Impact of bacterial colonization on exhaled inflammatory markers in wheezing preschool children
SourceJournal of Breath Research, 6, 4, (2012), pp. 046001
Article / Letter to editor
Display more detailsDisplay less details
Journal of Breath Research
SubjectN4i 1: Pathogenesis and modulation of inflammation NCMLS 1: Infection and autoimmunity
Wheeze is a common symptom in preschool children. The role of bacteria, regulatory T (T(reg)) cells and their association with airway inflammation in preschool wheeze is largely unknown. We evaluated inflammatory markers in exhaled breath condensate (EBC), bacterial colonization and circulating T(reg) cells in preschool children with and without recurrent wheeze. We recruited 252 children (aged two to four years) with (N = 202) and without (N = 50) recurrent wheeze. EBC was collected using an efficient closed glass condenser. Inflammatory markers in EBC (Interleukin(IL)-2, IL-4, IL-8, IL-10, IL-13) were assessed using multiplex immunoassay. Nasal and throat swabs were analysed for presence of Streptococcus pneumoniae, Haemophilus (para)influenzae and Staphylococcus aureus. Proportions of T(reg) cells (CD4(+)CD25(high)CD127(-)) were quantified by flow cytometry. Recurrent wheezing children had elevated EBC levels of IL-2, IL-4, IL-10 and IL-13 compared to non-wheezers (odds ratio (95% confidence interval): 1.67 (1.23-2.27): 1.58 (1.15-2.18): 1.47 (1.14-1.90): 1.55 (1.16-2.06), p <0.05, respectively). Bacteria were frequently present in children with and without wheeze, with no difference in prevalence (16-52% versus 16-50%, respectively). Moreover, the proportion of T(reg) cells did not differ between both groups. Wheezing children with bacterial colonization did not significantly differ in exhaled levels of inflammatory markers or proportion of T(reg) cells compared to wheezing children without colonization. The analysis of EBC might serve as a helpful non-invasive tool to early assess airway inflammation in wheezing children. The various elevated exhaled inflammatory markers indicate increased airway inflammation in wheezing preschool children. In the presence of wheeze, we found no evidence for bacterial induced airway inflammation.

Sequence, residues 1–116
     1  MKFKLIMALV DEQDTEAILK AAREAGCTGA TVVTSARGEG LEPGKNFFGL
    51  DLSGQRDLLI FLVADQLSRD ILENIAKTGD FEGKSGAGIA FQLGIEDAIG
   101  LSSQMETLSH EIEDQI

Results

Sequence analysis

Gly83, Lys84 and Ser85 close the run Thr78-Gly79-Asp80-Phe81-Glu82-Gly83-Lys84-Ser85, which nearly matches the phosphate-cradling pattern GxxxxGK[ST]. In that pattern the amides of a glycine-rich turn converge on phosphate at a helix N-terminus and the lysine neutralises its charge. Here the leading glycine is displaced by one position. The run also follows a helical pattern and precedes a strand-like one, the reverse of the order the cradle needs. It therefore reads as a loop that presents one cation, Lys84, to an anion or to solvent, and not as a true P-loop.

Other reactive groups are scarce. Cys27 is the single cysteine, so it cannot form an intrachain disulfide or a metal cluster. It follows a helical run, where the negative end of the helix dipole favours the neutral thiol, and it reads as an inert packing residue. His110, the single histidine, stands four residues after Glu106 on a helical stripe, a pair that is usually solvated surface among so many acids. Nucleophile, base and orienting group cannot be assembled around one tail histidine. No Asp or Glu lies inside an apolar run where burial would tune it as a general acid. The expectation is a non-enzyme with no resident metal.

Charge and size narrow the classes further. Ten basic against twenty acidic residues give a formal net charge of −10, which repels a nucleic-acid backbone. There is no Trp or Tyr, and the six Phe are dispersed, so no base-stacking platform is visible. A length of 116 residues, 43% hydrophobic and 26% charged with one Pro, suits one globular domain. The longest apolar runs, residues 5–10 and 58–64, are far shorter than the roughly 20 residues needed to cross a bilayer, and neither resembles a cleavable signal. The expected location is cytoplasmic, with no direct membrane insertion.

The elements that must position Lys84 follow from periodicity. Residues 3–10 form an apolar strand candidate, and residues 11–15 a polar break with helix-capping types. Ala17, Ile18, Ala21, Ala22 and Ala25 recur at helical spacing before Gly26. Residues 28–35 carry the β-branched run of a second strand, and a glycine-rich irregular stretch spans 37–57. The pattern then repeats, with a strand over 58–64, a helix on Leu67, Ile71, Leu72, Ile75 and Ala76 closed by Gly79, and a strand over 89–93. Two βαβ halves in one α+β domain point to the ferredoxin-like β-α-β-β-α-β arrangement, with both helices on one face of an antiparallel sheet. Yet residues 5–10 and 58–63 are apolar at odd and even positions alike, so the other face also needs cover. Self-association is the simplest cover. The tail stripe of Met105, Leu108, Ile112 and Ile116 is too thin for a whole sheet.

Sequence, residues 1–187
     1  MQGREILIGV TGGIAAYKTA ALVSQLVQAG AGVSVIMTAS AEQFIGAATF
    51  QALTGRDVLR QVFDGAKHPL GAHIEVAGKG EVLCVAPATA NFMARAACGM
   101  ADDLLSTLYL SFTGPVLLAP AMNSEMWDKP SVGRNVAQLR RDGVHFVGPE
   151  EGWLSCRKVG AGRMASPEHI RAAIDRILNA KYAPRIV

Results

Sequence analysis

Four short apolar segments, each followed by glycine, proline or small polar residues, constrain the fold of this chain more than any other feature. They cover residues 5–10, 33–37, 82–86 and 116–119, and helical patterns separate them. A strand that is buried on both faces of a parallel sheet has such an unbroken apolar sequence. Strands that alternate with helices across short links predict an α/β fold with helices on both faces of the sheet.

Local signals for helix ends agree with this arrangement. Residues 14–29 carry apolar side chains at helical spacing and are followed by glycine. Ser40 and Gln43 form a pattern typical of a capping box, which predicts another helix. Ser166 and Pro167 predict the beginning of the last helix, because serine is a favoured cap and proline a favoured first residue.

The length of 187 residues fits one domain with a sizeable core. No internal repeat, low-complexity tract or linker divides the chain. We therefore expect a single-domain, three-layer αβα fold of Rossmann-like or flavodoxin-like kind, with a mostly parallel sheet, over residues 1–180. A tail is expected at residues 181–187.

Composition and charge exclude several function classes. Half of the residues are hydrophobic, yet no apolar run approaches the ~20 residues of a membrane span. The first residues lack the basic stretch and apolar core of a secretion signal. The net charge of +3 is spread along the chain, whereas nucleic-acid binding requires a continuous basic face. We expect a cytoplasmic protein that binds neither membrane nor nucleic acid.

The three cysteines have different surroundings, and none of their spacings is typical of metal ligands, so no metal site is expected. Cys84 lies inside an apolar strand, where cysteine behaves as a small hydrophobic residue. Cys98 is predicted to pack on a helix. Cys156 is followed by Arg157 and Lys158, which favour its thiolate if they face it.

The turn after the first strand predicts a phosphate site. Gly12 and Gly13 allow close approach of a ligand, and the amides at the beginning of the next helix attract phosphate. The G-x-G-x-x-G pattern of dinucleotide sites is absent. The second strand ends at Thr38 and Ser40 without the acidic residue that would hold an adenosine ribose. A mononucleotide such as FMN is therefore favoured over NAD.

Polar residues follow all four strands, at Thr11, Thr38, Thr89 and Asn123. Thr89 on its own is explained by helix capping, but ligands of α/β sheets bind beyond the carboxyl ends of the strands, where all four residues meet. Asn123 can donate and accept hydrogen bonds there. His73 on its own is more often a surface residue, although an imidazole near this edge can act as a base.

Upload full text
Use your RU credentials (u/z-number and password) tolog in with SURFconextto upload a file for processing by the repository team.